One of my friends really had to go to the bathroom. Yet, when I tried to gently ask her and her group to separate to let my friends through, this lady grumbles and loudly says to her friends as if I’m not standing right in front of her, “She probably just wants to take her friends to the front of the march so they can march first.” Womxn, I just told you we need to find a bathroom. This is a health issue not a f*cking power play.
I then tried to turnaround to scope the crowd but felt choked by my scarf poncho. I turned back and saw this womxn holding my scarf firmly in her hand. I said, “Excuse me, looks like you’ve got my scarf.” Instead of apologizing and letting go gently, she rolled her eyes and tugged forcefully on my scarf before letting go. Really?
At some point, I hear someone nearby chanting “Black lives matter.” Right before I can join in, this white womxn and the group behind me yell, “Start the march!” My blood boiled at the unchecked entitlement, blatant disrespect, and complete diversion from recognizing that black lives matter. So at the top of my lungs, I joined in the earlier “Black lives matter” chants (S/O to the nearby white womxn I rallied). Yeah, stfu old white womxn.
EDIT: The issue isn’t just old white womxn. As I joined in”Black Lives Matter” and “Water is Life” chants, I also heard the palpable silence of a lot of the white folks around me: old, young, male, female, queer. Really? People are DYING and you’d rather scroll through your Facebook, which probably isn’t even loading because there are too many people currently trying to post.
As a result of this lack of participation, I feel myself developing anxiety about whether well-intentioned white liberals have the backs of the most oppressed in any capacity. I saw the thousands of white womxn and thought so you show up today, but will you show up tomorrow and the next day? Will you learn how to listen, de-center and educate yourself, and organize your people? Keep in mind, I went to the womxn’s march with three wonderful white womxn who listened to me and backed me up as I named and vented about the lack of intersectionality at the march, who uplift and center voices of color. I know that white allyship can be real but it is a constant process that takes your whole being and energy.
All of these encounters really pissed me off. I felt invisibilized and disrespected, and left appalled at the complete lack of any attempt to live intersectional feminism.
Also, the fact that friends of color in other cities had similar experiences is telling. White folks, #dobetter.
There was a lot of incredible youth who marched because they know and feel that the world is f*cked up.
Unfortunately, our current society fails to provide them with an education that teaches them how to think and produce creatively, so they co-opt misdirected whitewashed messaging like “Love trumps hate,” “This is what democracy looks like (chant started by a white feminist)” and “#NotMyPresident.” They bring incredible energy to the movement and yet, are all over the place in terms of messaging and presence. Not to mention teenagers who seem to only participate because it’s the seemingly “cool” thing to do.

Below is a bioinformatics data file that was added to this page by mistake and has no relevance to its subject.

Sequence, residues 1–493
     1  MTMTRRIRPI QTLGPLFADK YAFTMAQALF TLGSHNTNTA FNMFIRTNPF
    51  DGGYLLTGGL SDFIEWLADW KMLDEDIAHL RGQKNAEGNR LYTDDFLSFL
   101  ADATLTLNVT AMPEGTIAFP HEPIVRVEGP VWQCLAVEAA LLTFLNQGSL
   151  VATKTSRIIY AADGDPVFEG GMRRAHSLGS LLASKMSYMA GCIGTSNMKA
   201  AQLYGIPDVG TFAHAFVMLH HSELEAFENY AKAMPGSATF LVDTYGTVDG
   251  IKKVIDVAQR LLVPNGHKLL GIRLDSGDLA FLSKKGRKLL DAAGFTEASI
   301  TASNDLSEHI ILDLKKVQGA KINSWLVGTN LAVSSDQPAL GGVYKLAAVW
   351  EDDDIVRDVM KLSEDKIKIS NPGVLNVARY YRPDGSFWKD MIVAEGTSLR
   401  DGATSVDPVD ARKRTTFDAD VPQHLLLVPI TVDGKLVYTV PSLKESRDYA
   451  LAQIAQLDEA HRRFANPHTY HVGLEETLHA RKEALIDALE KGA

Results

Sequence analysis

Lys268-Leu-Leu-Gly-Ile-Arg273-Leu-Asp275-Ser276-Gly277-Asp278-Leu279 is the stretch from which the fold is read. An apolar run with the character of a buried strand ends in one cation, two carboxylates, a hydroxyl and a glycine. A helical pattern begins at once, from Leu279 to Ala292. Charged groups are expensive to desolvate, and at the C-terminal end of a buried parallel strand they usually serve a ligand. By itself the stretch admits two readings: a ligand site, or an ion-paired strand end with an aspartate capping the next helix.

There was too much complete and utter disrespect for nature, native land and indigenous culture and people.
Granted, my friends and I messed up here too. At the same time, we witnessed overflowing piles of garbage and signs left carelessly everywhere, people sitting on indigenous art and land that should be respected, and people completely dismissing the wisdom of indigenous elders to respect the earth. “Water is life” seemed like a simple enough chant to me but I saw primarily folks of color joining in this chant. It may have been a womxn’s march but the issues are interconnected y’all. Our collective liberation is tied with the Earth’s.
So clearly, a lot happened. And at the end of the rally / march, I went home asking myself “What are we fighting for and what are building in its place?” I’ve confronted this question multiple times over the past few years and especially the last few weeks in my New York circle of friends and colleagues.
I have no definitive answers.
I am still learning and unlearning from generations of womxn before me and around me. All I know to be true is what Indigenous Australian activist, Lilla Watson said best: “If you have come here to help me, you are wasting your time. But if you have come because your liberation is bound up with mine, then let us work together.”
I thought by the end of this week, I’d be able to summarize what I thought the solution to social injustice is (revolution), and what that looks and feels like. But at this point, all I know is that I have so much more to learn and unlearn. My current bursts of energy are best spent educating, loving and healing myself, journeying alongside those who wish to join me and continuing to contribute to the blooming of human social consciousness. #WalangHiya**
**Final side note: My sign read “This Filipinx American resists Trump, white supremacy, capitalism, imperialism, fascism, patriarchy, gender oppression, sexism, racism xenophobia with walang hiya #noshame.” The phrase “walang hiya” literally means “no shame” but traditionally has been used as “ugh, you have no shame / you should be ashamed of yourself.” I just came across this phrase this week (shout out to my friend Liz). Inspirationally, there’s a growing movement of Filipinx Americans who are reclaiming the phrase to be powerful and positive. As a Filipinx American womxn, I’ve been raised to have shame so this phrase perfectly encapsulated my journey to the now. I have no shame #walanghiya.
Much love to my kasamas and friends who marched in Seattle, California, Detroit, Texas, DC and New York City, to my JVC community last year for unintentionally preparing me for this march and to every single human being who through words or deeds, have been part of my process so far and/or contributed to my current perspective. Personal shout out to Mary for processing and editing this post with me. Eight-year-old AnneMarie who associated revolution mostly with red coats and Martin Luther King Jr. would have done a double take at this blog post.